This is how it, and the wider industry, should respond,
News that Cambridge Analytica (CA), a firm linked to President Donald Trump’s 2016 campaign, got data on 50m Facebook users in dubious, possibly illegal, ways has lit a firestorm (see article). Mr Zuckerberg took five days to reply and, when he did, he conceded that Facebook had let its users down in the past but seemed not to have grasped that its business faces a wider crisis of confidence. After months of talk about propaganda and fake news, politicians in Europe and, increasingly, America see Facebook as out of control and in denial. Congress wants him to testify. Expect a roasting.
Since the news, spooked investors have wiped 9% off Facebook’s shares. Consumers are belatedly waking up to the dangers of handing over data to tech giants that are run like black boxes. Already, according to the Pew Research Centre, a think-tank, a majority of Americans say they distrust social-media firms. Mr Zuckerberg and his industry need to change, fast.
Facebook’s business relies on three elements: keeping users glued to their screens, collecting data about their behavior and convincing advertisers to pay billions of dollars to reach them with targeted ads. The firm has an incentive to promote material that grabs attention and to sell ads to anyone. Its culture melds a ruthless pursuit of profit with a Panglossian and narcissistic belief in its own virtue. Mr Zuckerberg controls the firm’s voting rights. Clearly, he gets too little criticism.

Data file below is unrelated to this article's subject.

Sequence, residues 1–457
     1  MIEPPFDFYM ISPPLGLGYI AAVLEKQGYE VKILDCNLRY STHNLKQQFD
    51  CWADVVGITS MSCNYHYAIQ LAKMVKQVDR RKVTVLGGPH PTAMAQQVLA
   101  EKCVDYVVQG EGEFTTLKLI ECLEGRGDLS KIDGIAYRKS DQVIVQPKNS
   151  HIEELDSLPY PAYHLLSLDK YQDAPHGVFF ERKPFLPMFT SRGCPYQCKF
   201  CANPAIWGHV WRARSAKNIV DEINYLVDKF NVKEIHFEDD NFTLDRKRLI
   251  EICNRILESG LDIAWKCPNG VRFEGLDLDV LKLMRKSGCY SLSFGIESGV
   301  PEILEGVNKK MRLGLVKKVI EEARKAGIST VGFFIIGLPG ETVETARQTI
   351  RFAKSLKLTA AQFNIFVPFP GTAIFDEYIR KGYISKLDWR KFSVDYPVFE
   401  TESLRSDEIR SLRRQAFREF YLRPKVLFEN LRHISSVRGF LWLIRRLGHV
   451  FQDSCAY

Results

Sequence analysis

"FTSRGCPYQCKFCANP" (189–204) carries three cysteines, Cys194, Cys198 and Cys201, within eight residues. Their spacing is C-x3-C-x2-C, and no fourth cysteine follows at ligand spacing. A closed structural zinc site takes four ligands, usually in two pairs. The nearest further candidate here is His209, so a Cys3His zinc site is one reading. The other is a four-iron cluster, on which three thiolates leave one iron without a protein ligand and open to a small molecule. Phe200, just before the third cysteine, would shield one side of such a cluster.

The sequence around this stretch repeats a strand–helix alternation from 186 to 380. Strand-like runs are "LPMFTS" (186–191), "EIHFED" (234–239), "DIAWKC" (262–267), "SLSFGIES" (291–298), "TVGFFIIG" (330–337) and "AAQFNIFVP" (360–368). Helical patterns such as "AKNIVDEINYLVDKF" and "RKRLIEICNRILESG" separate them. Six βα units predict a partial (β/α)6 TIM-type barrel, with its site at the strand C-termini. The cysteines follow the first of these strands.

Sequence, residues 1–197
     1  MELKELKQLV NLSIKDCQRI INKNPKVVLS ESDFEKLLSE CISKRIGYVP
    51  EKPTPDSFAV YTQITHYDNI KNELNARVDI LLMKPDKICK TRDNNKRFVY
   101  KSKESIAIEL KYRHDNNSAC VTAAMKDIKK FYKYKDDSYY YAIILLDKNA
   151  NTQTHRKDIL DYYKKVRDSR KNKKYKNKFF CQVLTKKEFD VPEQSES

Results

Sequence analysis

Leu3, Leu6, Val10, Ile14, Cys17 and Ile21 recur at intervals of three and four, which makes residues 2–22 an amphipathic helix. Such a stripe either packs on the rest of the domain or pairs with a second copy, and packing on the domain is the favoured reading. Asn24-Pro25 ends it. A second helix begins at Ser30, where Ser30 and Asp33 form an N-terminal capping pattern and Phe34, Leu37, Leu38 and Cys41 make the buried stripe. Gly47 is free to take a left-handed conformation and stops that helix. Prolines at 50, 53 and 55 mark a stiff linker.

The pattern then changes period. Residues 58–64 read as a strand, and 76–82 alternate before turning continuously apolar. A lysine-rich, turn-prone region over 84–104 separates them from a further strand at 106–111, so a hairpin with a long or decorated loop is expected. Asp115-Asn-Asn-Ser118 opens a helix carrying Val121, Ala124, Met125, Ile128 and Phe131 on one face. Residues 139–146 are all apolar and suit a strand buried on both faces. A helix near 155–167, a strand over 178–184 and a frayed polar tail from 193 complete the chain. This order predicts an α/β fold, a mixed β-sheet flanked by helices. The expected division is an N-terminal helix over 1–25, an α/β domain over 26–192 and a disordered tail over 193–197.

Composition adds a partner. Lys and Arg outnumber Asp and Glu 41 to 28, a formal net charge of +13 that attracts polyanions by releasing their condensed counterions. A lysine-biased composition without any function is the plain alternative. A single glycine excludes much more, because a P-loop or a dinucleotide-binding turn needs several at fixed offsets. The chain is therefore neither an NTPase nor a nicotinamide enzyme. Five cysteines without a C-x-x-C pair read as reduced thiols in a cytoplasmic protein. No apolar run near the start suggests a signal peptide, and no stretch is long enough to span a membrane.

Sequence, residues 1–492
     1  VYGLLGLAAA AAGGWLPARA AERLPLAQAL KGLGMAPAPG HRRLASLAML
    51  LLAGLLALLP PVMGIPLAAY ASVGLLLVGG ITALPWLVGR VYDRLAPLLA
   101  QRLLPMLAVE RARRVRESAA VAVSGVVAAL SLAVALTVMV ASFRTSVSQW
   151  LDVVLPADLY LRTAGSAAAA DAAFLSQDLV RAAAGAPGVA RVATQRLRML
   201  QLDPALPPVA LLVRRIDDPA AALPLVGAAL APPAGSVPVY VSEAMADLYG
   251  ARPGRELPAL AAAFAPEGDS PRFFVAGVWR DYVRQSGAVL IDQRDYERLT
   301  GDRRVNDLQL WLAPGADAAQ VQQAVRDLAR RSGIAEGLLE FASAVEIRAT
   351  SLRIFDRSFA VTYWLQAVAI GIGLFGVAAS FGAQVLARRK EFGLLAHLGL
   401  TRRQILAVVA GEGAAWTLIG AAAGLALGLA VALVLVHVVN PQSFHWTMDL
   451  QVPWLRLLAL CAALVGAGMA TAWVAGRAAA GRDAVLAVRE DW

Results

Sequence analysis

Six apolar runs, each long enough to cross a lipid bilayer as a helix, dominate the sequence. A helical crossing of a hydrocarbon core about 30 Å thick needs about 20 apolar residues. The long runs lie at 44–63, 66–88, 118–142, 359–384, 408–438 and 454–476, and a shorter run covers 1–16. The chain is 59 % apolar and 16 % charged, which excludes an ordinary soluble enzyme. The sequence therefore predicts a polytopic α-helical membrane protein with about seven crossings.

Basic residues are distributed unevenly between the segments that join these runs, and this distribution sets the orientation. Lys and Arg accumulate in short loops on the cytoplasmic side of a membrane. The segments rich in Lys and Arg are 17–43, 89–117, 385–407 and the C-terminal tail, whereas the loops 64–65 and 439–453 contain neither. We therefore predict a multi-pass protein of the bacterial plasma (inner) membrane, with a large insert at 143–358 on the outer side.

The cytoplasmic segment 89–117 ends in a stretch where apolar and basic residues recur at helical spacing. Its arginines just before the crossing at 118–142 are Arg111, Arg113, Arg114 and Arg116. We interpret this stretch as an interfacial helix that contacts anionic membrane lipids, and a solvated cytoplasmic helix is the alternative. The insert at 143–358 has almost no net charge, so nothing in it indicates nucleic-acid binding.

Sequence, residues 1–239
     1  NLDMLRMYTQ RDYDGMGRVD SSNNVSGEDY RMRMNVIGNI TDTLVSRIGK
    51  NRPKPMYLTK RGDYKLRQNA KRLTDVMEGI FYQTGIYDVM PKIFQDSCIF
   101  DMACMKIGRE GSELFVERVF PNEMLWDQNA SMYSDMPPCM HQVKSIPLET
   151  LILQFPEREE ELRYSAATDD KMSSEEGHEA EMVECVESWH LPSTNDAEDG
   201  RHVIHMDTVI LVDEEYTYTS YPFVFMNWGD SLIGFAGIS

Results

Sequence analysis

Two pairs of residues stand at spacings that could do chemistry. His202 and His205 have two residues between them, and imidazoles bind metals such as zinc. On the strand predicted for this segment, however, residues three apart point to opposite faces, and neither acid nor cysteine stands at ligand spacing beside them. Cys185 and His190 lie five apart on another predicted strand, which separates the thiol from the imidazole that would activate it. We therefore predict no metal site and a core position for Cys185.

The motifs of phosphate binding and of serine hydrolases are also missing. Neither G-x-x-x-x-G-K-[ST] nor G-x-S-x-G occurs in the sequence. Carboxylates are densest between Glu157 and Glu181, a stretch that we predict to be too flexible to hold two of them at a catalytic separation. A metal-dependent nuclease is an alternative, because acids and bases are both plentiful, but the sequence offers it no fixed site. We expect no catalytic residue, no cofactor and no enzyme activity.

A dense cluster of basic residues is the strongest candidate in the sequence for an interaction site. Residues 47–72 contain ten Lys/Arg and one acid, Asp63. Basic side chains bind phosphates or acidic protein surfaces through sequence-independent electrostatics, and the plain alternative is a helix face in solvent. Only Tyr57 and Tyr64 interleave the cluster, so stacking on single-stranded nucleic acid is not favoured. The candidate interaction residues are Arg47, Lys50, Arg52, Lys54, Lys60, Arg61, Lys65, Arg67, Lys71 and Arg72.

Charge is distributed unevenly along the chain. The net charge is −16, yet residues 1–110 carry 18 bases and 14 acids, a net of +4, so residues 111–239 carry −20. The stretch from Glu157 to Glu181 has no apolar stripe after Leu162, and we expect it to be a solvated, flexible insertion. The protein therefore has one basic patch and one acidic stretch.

In the latest fiasco, it emerged that in 2013 an academic in Britain built a questionnaire app for Facebook users, which 270,000 people answered. They in turn had 50m Facebook friends. Data on all these people then ended up with CA. (Full disclosure: The Economist once used CA for a market-research project.) Facebook says that it could not happen again and that the academic and CA broke its rules; both deny doing anything wrong. Regulators in Europe and America are investigating. Facebook knew of the problem in 2015, but it did not alert individual users. Although nobody knows how much CA benefited Mr Trump’s campaign, the fuss has been amplified by the left’s disbelief that he could have won the election fairly.